Business Pathways is a new program from Doctors of BC dedicated to helping members navigate the operational side of running a practice—a one-stop shop to access targeted resources based on practice needs during all stages of a medical career.
With the launch of the program, Business Pathways is introducing the first of three HR toolkits that will help with all aspects of managing staff. The first toolkit, available now at www.doctorsofbc.ca/managing-your-practice/business-pathways/managing-your-office/human-resources-toolkit, delves into best practices for recruiting and hiring staff. HR management is an area of particular importance to doctors, and more in-depth toolkits for other key aspects of managing office staff will be released as soon as possible.
Also available are exclusive deals in partnership with Club MD (www.doctorsofbc.ca/your-benefits/discount-programs/club-md), for legal and financial services from MD Financial Management and MNP LLP, and from other business partners like TopStack and Staples (member login required).
There are guides, resources, and other toolkits as well, which include support for:
- Transitioning to medical practice: www.doctorsofbc.ca/managing-your-practice/business-pathways/starting-your-practice.
- Contingency and emergency planning: www.doctorsofbc.ca/contingency-planning.
- Protecting yourself and staff against physical and online violence: www.doctorsofbc.ca/sites/default/files/human_safety_optimization_tip_sheet.pdf.
More tools, resources, and educational opportunities will be released on an ongoing basis. Business Pathways is here to help doctors optimize their practice, every step of the way. Access all resources at www.doctorsofbc.ca/managing-your-practice/business-pathways.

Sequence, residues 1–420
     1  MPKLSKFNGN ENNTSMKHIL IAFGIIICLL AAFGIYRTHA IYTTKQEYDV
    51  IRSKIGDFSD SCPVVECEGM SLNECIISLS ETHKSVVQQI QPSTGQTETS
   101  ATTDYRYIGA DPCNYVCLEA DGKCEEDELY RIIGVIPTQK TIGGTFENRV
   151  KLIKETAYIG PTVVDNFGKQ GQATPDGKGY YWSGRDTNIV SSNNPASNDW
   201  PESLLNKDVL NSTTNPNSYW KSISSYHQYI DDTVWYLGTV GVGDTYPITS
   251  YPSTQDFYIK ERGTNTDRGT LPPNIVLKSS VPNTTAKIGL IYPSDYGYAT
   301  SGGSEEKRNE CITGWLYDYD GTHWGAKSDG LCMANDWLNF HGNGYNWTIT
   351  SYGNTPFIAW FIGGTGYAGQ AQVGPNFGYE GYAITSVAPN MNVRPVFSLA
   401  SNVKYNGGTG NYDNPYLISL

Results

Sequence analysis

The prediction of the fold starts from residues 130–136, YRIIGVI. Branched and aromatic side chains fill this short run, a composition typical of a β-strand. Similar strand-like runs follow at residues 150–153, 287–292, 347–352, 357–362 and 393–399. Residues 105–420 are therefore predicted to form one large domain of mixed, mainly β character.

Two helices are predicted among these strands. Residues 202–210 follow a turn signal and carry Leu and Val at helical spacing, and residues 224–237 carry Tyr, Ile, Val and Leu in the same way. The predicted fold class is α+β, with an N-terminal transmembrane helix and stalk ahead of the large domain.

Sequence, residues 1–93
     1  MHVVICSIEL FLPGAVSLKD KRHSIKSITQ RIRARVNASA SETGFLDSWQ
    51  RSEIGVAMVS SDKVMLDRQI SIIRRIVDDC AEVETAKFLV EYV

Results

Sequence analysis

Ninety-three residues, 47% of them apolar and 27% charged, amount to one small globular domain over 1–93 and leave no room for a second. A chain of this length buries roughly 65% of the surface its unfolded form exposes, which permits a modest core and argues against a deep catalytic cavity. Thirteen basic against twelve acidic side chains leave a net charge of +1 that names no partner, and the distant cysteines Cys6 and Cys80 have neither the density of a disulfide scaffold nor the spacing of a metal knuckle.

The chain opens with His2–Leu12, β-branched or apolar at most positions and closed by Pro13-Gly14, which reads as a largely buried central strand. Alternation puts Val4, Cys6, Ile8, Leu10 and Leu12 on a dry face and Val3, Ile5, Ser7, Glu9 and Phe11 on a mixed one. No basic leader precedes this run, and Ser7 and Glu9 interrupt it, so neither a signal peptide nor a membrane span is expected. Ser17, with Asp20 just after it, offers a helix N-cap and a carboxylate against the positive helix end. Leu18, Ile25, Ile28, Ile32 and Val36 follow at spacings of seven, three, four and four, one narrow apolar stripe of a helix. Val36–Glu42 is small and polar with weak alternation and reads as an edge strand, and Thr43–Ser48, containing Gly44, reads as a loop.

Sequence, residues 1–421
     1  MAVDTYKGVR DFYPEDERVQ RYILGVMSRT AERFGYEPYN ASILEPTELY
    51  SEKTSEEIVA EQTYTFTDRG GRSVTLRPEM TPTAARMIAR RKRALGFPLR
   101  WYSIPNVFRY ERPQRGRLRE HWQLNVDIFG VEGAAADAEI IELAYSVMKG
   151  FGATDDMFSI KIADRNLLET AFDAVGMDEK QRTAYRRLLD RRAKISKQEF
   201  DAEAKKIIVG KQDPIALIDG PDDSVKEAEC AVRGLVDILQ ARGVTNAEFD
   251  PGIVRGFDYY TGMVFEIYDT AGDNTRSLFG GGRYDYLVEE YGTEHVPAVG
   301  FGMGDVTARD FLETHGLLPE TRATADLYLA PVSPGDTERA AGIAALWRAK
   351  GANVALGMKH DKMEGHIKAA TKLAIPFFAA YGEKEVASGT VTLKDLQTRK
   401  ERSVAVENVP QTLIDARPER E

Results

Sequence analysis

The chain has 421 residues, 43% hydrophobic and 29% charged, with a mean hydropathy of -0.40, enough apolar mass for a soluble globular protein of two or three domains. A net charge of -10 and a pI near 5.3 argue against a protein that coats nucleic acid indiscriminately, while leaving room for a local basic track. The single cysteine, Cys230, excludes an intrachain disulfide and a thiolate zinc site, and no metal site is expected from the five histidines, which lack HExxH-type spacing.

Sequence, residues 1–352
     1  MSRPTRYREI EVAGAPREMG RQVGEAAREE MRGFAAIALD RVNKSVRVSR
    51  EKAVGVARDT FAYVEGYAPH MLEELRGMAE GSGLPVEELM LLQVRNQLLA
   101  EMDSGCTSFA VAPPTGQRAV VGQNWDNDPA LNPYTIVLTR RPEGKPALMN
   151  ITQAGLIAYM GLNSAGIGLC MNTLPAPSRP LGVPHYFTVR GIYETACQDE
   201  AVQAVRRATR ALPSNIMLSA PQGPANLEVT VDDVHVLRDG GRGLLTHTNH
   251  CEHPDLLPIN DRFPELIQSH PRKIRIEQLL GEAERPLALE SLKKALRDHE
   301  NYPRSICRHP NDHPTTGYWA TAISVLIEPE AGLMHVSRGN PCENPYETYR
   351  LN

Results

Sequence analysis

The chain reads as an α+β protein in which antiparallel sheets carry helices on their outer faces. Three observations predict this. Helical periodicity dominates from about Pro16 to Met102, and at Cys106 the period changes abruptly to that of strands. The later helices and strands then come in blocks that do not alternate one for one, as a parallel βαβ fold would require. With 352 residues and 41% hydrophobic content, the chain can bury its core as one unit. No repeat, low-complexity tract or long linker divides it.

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Above is the information needed to cite this article in your paper or presentation. The International Committee
of Medical Journal Editors (ICMJE) recommends the following citation style, which is the now nearly universally
accepted citation style for scientific papers:
Halpern SD, Ubel PA, Caplan AL, Marion DW, Palmer AM, Schiding JK, et al. Solid-organ transplantation in HIV-infected patients. N Engl J Med. 2002;347:284-7.
About the ICMJE and citation styles
The ICMJE is small group of editors of general medical journals who first met informally in Vancouver, British Columbia, in 1978 to establish guidelines for the format of manuscripts submitted to their journals. The group became known as the Vancouver Group. Its requirements for manuscripts, including formats for bibliographic references developed by the U.S. National Library of Medicine (NLM), were first published in 1979. The Vancouver Group expanded and evolved into the International Committee of Medical Journal Editors (ICMJE), which meets annually. The ICMJE created the Recommendations for the Conduct, Reporting, Editing, and Publication of Scholarly Work in Medical Journals to help authors and editors create and distribute accurate, clear, easily accessible reports of biomedical studies.
An alternate version of ICMJE style is to additionally list the month an issue number, but since most journals use continuous pagination, the shorter form provides sufficient information to locate the reference. The NLM now lists all authors.
BCMJ standard citation style is a slight modification of the ICMJE/NLM style, as follows:
- Only the first three authors are listed, followed by "et al."
- There is no period after the journal name.
- Page numbers are not abbreviated.
For more information on the ICMJE Recommendations for the Conduct, Reporting, Editing, and Publication of Scholarly Work in Medical Journals, visit www.icmje.org